Chapter 9: Unforeseen Antihero
Nolin Quaed crouched on the edge of a purple slate roof, his rheumy eyes watching the city writhe in barely-leashed panic below him. The tree, The Tree – Teldrassil, the new world tree grown by great amounts of kal’dorei power and sewn with the hope of a once-immortal people – burned and smoked and crackled and screamed, flames leaping up the sides of its massive trunk and spreading quickly through the young, beautiful night elven capital at its top.
“Papa,” said a girl’s soft voice that he imagined came from over his shoulder (but in truth it came from somewhere much closer to whatever dessicated thing served as his undead heart), “… look at them. They’re really scared.”
He didn’t answer. He never answered when the job called for silence, and she expected that.
His yellowed gaze searched the crowds of long-eared purple people that surged here and there. Some fleeing flames. Some rushing towards them with buckets or magic. Some dashing in to them for loved ones or perhaps treasured belongings. Purple heads, blues, teals, greens in multiple shades, a rainbow of shadowed forest hues in the gaudy hair of the kal’dorei race.
And, here and there, the rarer silver-white head like the one he sought. But never her.
As five minutes turned to ten, Quaed cursed under his breath and darted over to the next roof that wouldn’t burn him to cinders. More crowds. More panic. More smoke. People rushed into the Temple of Elune’s broad archway, led or called by priestesses.
But never her.
“Rot!” the rogue barked it aloud, no longer worried about detection in the thick smoke and the tragic din.
“Are you frustrated, papa?” the child asked, her little tin voice by his ear.
He had no reason not to answer her, this time. “Yeah, Tali. Frustrated.”
The ghost contemplated that. “You really wanna find the silver lady, huh?”
Quaed didn’t like his daughter’s question because it made him think more than he wanted about why he was in the damn burning city, as it was. He stared out over the crowd, his attention focused, but he also answered her honestly. He was always honest with Kitalia. “Yeah. I guess I do.”
“For Mister Leo?”
Though he frowned, he shook his head. “Nah. Well, a bit for him. But for… everyone, Tali. She’s a good one. Guess I figure the world should keep more of the good ones.”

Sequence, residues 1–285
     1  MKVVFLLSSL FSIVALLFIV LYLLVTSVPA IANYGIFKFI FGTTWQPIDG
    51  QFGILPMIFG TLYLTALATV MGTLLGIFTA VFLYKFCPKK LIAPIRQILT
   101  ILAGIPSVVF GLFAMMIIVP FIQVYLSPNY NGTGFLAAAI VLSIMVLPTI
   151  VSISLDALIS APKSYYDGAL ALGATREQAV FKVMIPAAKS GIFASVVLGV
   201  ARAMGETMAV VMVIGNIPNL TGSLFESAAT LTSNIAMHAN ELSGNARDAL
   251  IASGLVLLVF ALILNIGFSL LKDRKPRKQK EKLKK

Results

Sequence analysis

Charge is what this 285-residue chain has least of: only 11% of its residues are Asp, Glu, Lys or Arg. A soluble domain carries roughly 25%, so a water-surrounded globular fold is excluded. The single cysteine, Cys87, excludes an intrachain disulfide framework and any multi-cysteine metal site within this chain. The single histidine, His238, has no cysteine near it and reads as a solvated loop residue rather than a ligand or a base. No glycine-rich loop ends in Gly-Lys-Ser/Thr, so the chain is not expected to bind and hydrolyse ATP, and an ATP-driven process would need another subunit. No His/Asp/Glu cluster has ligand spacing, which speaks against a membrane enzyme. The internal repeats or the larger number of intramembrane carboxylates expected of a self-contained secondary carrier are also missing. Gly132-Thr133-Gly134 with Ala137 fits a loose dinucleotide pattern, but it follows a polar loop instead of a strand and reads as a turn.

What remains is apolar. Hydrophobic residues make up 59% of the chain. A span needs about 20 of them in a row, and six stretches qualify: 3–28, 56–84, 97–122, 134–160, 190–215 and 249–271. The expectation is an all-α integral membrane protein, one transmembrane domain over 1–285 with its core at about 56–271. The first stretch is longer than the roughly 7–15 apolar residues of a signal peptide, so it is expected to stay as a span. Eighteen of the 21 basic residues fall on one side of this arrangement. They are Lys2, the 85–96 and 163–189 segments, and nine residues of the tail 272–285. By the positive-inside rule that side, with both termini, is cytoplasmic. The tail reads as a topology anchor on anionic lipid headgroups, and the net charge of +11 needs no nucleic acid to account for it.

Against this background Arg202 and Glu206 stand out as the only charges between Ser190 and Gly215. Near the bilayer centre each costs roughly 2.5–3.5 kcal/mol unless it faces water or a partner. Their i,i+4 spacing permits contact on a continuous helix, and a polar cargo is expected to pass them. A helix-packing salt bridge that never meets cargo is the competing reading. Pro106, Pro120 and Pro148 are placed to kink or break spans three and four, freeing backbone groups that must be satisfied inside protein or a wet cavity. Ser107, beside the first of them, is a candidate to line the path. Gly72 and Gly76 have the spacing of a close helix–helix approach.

He sighed softly, cursing his own sentimentality. Death should have stripped him of that, and maybe it had at one point. But then a damn fool undead bastard got himself grabbed by the Scarlet Crusade and saved by a night elf with more heart than sense. He learned that some people, some living people, didn’t immediately hate him for existing past his own death. Maybe didn’t hate him as much as he hated himself. It-
“Papa, there!” Tali’s voice was filled with childish excitement, and he could just imagine her broad smile. She didn’t need a hand to point for him, and his gaze snapped to where a familiar priestess ran in front of a crowd of frightened civilians, the golden glow of her magic shielding them from the worst of the smoke as they all reached the safety of the Temple of Elune.
“Bout damn time,” he said with what passed for a grin on his rotting face, and he dashed across the rooftops, strategizing just where he’d intercept her.
Five minutes later, the rogue was congratulating himself on his own cleverness as he whipped a hand out from his hiding place and snagged Rhoelyn Silverwing’s arm. Her own momentum spun her into the shadows with him, a shocked inhale passing her lips as she drew breath to scream. He was ready, a gloved hand slapping over her mouth as he pressed her up against the Temple’s pale stone wall.
“Don’t scream, girl. It’s me. Quaed.” As her wide eyes searched his face, he pulled off his leather helm and the faceguard that covered his mouth. “See? I-”
Rhoelyn’s eyes narrowed, and Light flared in the blue-touched silver. Before he could do more than think that he might be in trouble, she wrapped her thin hands around the wrist of the arm he had braced against her collar bone and grimaced. Magic surged into his hand, searing and white-hot and angry, Light like fire and rage, and he staggered back, his other hand snagging a dagger from the bandolier across his chest.
The undead rogue moved like lightning, but the priestess in front of him acted with the speed of thought, not moving an inch. It made her faster, and the poisoned blade that was meant to knick her arm bounced back, instead, encountering a barrier of gold-white Light in the breath before it reached her skin.
“Do not touch me, again, Quaed.” The priestess’ voice was rough, already, made hoarse by what he presumed to be the smoke. It was a husky sound for her, wounded. And angry. “Why are you here? Did you… ? Of course, you must have to even be here. How many of my people have you slain, today, I wonder?”
He shook his head. It wasn’t a game he wanted to play, and, this time, her anger wasn’t sha-inspired. It was probably simply justified. He’d stopped counting at some point in the long day of fighting.
“Stop resisting me. Ain’t here to hurt you, girl.”